Discussion in 'Predators and Pests' started by Everett500, Aug 7, 2011.

  1. Everett500

    Everett500 Out Of The Brooder

    Aug 7, 2011
    Im making a chicken pen/run thats about 600 square feet, and with chicken fencing being expensive enough, is the a cheaper way to shield the top from preadtors over head. I already have a small budget im working with, i would lock up the hens in the coop for the night so coons and possums shouldnt be to big of a concern during the day just the local red tail hawks would cause worry. To get down to the point do i really have to put mesh fencing all over the top?
  2. wayne hulgan

    wayne hulgan Chillin' With My Peeps

    Jul 24, 2011
    we have 1500 sqft. and we do not have it covered. no hawk problems yet. we do have several structures that the chicks can hide under and provide shade also. we planted some plants, that will later provide cover. give them plenty of cover and keep your eye out for hawks eyeballing your flock.
  3. centrarchid

    centrarchid Chicken Obsessed

    Sep 19, 2009
    Holts Summit, Missouri
    Some important details missing. A sterile / structureless run can provide a hawk with a canned hunt which seems to be frequent reality with many keeping semi-confined chickens.
    How many birds? Breed? Age(s)? Hens only?

    Deer netting is a low cost measure to keep most raptors out of a 20' x 30' (600 ft^2) run. If appearance does not offend, then consider wooden pallets that can provide be arranged to provide refuge. You want to deny hawk access to chickens from above.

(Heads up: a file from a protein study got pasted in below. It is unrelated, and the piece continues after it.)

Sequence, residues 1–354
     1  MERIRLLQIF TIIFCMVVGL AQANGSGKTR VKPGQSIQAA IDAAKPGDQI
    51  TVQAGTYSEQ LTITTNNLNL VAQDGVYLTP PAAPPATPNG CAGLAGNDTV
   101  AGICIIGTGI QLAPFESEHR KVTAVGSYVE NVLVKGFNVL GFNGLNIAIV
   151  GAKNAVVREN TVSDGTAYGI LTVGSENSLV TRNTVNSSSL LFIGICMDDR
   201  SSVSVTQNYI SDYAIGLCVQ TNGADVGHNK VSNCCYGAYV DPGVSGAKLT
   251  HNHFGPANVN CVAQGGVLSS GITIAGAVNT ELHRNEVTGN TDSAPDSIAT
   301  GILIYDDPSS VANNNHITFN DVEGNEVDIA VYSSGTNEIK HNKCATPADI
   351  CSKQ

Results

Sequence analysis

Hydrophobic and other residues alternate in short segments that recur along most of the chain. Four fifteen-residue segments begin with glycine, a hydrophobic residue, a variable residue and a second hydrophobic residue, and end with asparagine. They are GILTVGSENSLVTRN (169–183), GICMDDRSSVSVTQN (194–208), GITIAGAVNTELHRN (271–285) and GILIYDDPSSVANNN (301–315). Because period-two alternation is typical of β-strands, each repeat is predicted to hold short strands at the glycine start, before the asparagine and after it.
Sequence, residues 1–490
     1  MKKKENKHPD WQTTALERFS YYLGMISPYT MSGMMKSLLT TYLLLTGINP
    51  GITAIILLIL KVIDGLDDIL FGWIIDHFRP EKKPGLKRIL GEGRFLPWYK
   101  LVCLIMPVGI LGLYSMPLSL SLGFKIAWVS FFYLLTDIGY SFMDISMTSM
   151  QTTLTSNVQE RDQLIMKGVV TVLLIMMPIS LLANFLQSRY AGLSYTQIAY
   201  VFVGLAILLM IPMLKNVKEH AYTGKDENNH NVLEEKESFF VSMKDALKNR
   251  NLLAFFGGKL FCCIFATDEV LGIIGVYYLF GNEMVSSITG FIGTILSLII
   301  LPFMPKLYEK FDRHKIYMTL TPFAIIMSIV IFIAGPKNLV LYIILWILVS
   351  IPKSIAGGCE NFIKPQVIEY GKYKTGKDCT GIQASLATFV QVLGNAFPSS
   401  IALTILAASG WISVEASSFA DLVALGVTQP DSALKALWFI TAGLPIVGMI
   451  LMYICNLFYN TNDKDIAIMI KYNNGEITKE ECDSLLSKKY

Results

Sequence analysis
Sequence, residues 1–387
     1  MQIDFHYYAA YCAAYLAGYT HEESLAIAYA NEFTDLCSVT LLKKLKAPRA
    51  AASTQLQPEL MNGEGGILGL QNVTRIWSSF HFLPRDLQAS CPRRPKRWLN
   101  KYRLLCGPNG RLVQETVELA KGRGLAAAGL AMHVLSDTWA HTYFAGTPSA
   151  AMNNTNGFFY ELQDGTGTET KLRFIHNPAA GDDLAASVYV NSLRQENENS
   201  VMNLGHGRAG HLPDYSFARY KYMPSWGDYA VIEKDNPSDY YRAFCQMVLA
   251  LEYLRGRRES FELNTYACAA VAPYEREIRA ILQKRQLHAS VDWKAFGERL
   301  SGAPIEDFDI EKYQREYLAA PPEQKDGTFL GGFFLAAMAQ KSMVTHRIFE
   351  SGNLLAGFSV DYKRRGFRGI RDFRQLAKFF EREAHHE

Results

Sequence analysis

If you can force hawk to make final approach on ground then a full size rosster or two would also make going after hens a potential risk to hawk.
  4. bawkbawkbawk

    bawkbawkbawk Chillin' With My Peeps

    Do not assume that because you haven't seen a hawk yet that you're safe. I think we had our girls almost two years before the local hawks discovered them. And once they do, they think they've arrived at a KFC drive-through. [​IMG] Hawks are currently the bane of my chickens' existence. I don't let the young'uns out unless I am on patrol.

    You need to provide at least some hawk-safe space for your chickens if there are any hawks in your neighborhood.
  5. Mattemma

    Mattemma Overrun With Chickens

    Aug 12, 2009
    You could do bird netting loose.It stopped a hawk.Most times it will just slow them down especially if it is tight.
  6. kareninthesun

    kareninthesun Chillin' With My Peeps

    Jul 1, 2011
    Yeah, you do need something over the top. There's no place for the chicks to run to for protection and it would be easy pickings for the hawks. When I first built my coop, the bottom floor, the walls are all 1" hardwire cloth, and the first day I put the chicks in, within half an hour a hawk brazenly landed right on the ground next to it as soon as I went in the house. They are great opportunists. Even now, they don't free range unless either a human or the dogs are out there.
  7. Everett500

    Everett500 Out Of The Brooder

    Aug 7, 2011
    I was planning on having 5 RIR hens and 1 RIR rooster, i didnt plan on leaving them in the pen alone till they became a decent size, the coop would be accessible from the pen and and the coop is going to be a pole building so it would provide some overhead protection, the wood pallets sounds like a good idea.
  8. Kschwartz

    Kschwartz Chillin' With My Peeps

    Jun 15, 2011
    I use a tarp. I have only 2 ducks and did not want to spend a load of money buying mesh for a such small pen. I do have hawks in my area and so far we have had no encounters. I also hang up CD's as some "added protection" ..
  9. dainerra

    dainerra Chillin' With My Peeps

    Jun 4, 2011
    simple and easy solution? string. a loose zig-zag back and forth, close enough that the wingspan won't fit through (I think 1 - 2 feet?)
  10. ruffedgrouse

    ruffedgrouse Out Of The Brooder

    Jun 20, 2011
    Central Pennsylvania
    Quote:Thats a good idea.

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